William M. Briggs

Statistician to the Stars!

Musk’s Matrix Is Malodorous

vehicle_simulator

Elon Musk has said that there is only a ‘one in billions’ chance that we’re not living in a computer simulation.”

Since all probability is conditional on the assumed premises, the natural question is what premises Musk had in mind to calculate the near certainty that he is but a computer simulation. I mean, beyond blaming Descartes.

Here is his argument, which many find, if not convincing, at least intriguing.

“The strongest argument for us probably being in a simulation I think is the following,” he told the Code Conference. “40 years ago we had Pong — two rectangles and a dot. That’s where we were.

“Now 40 years later we have photorealistic, 3D simulations with millions of people playing simultaneously and it’s getting better every year. And soon we’ll have virtual reality, we’ll have augmented reality.

“If you assume any rate of improvement at all, then the games will become indistinguishable from reality, just indistinguishable.”

He said that even if the speed of those advancements dropped by 1000, we would still be moving forward at an intense speed relative to the age of life.

Since that would lead to games that would be indistinguishable from reality that could be played anywhere, “it would seem to follow that the odds that we’re in ‘base reality’ is one in billions”, Mr Musk said.

In a fundamental sense, if we’re in a simulation, then it must be that we don’t exist. We can’t be entirely simulations, for, because our intellects are not material (explanations here), there is no material way to simulate them such that the simulations come alive and have non-material intellects. There is no free will for simulants—the indigenous populants of a simulation—but there is for us.

But that’s too easy. So let’s ignore the fatal flaw and look at why Musk, who evidently hasn’t heard this objection, thinks we’re in a matrix.

To be in a matrix implies there is a matrix builder. Now this Builder (let’s promote him with capitalization) is clever enough to have created a system which fools the simulants into thinking the bits in which they swim is the real world. If the simulants are as characters in a novel, this is problem free. The Builder simply writes a line of code which says, “The simulants think they are in the real world.” Nothing more is needed.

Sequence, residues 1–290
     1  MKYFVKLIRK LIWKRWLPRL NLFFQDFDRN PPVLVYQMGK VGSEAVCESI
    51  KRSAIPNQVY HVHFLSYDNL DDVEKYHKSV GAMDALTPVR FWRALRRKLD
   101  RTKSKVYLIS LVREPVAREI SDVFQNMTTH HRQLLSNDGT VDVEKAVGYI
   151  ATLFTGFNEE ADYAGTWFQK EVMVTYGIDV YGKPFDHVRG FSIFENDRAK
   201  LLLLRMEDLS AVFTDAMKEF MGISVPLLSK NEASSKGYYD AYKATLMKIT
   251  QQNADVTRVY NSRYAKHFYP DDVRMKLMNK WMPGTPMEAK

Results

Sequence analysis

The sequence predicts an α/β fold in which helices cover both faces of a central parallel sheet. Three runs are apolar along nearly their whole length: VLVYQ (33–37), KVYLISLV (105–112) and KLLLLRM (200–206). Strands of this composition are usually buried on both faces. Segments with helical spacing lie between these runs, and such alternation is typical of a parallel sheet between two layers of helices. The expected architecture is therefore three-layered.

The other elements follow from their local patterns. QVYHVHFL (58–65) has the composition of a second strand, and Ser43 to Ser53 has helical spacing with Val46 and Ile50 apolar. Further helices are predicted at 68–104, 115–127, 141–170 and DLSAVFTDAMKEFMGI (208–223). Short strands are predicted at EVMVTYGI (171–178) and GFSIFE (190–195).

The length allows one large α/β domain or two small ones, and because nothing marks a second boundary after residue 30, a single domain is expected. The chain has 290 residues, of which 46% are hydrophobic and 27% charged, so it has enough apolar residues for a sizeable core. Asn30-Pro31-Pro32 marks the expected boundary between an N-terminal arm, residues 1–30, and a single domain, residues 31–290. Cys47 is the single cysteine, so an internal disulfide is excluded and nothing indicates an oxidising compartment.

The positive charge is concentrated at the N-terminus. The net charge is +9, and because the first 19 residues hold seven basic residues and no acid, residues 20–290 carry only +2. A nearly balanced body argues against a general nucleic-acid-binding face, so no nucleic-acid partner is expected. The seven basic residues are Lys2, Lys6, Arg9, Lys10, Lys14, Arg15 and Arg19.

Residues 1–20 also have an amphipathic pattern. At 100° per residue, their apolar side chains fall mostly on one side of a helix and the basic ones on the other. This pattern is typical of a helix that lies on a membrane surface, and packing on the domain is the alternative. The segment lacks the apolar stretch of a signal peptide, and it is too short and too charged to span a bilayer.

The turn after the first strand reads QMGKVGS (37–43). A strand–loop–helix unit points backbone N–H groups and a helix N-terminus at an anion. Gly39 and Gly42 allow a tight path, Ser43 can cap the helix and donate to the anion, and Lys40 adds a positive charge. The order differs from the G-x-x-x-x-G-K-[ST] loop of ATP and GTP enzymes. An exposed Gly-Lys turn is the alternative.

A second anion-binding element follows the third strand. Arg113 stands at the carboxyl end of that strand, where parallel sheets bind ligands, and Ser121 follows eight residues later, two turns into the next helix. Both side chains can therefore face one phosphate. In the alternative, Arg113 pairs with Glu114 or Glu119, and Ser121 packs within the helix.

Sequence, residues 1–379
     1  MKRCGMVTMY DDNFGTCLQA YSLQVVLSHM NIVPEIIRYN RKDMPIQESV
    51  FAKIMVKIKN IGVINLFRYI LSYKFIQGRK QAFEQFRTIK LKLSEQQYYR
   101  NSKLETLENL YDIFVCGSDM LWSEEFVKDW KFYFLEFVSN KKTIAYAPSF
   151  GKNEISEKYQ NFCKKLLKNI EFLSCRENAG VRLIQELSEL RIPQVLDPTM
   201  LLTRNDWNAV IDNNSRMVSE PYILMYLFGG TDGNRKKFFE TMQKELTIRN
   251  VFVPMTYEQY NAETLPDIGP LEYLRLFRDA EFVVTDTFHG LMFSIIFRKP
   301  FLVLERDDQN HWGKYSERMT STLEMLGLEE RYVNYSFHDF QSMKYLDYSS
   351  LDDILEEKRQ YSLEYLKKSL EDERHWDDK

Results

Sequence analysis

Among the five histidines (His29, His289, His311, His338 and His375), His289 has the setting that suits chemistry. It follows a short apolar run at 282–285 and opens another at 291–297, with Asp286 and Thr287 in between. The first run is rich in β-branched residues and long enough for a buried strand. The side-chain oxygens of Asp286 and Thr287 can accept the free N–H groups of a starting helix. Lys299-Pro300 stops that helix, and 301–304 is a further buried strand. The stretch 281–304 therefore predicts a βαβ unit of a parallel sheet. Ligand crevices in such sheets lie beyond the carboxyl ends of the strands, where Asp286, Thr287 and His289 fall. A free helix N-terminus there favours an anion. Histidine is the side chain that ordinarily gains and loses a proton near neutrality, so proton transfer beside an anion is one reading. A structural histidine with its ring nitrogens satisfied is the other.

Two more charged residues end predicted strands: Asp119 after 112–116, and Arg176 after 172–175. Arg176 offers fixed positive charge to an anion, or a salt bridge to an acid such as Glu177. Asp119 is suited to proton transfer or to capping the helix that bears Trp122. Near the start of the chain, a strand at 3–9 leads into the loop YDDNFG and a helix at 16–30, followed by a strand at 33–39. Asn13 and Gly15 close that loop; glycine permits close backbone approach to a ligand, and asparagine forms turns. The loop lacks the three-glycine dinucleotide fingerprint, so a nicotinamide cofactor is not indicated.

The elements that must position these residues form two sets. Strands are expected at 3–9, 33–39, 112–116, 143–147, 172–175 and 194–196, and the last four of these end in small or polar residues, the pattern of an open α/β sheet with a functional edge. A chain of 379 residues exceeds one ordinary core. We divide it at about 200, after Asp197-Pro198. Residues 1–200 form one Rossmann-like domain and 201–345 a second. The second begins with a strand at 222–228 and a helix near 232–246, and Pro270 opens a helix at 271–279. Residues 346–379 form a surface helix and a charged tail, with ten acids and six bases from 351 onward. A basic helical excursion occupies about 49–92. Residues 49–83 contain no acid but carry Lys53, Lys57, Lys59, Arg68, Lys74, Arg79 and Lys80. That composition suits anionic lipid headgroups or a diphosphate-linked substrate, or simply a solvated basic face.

And, indeed, the simulants can’t be more than this. They are characters in a novel, a novel of electric potentials and silicon. They cannot be fooled into thinking they have free will. No creature that doesn’t already have free will can think he has it. It takes free will to think about free will. No matter how you look at it, the pure simulation matrix cannot work and we cannot be in one.

What about the movie version? Although it appears to the astute mind asinine, suppose the Builder hooks up genuine people to electrodes which, through superior processing power, fools people into thinking they are in Disneyland, or wherever. The Builder fed on the captives’ vibrations. Or whatever. Dumb movie. Skip it.

This “simulation”—actually reality plus code—might work, in the sense that it appears that is it not logically impossible. Not everything that is logically impossible happens, though. Thirteen-legged Spanish-speaking lava-breathing orange dragons who crap flaming gold ingots for pets are logically possible. But don’t fork over hard cash for dragon chow.

As evidence for this Demon Builder, Musk points to Pong. I am a child of the 70s: we had a set. Maybe you had to be there to realize how those of us who saw it in its infancy never thought then that it would lead to virtual enslavement. But whatever.

Don’t forget we are now supposed to be in a simulation. If that is so, Musk is saying that the Builder allowed the real-but-tricked-humans into thinking they invented Pong, then Javascript (you homophobe) then distributed computing then whatever else that follows. Why? To encourage the simulates to wake and escape? Maybe. The Builder is a nut to begin with, so why not program a jail break, even though he has the power to keep his prisoners trapped in Womyn’s Studies departments forever, with no hint that computers are even a possibility.

Or maybe the Builder allowed the prisoners these inventions to encourage them to think that they could build their own matrix in a matrix. Beware, then, of Musk minions looking for “volunteers” for this virtual reality “experiment.”

All logically possible. All equally silly.

14 Comments

  1. If he can really offer me a ticket to Mars in the next decade, though, I’ll be happy to nod and smile at whatever nutty metaphysics he finds amusing…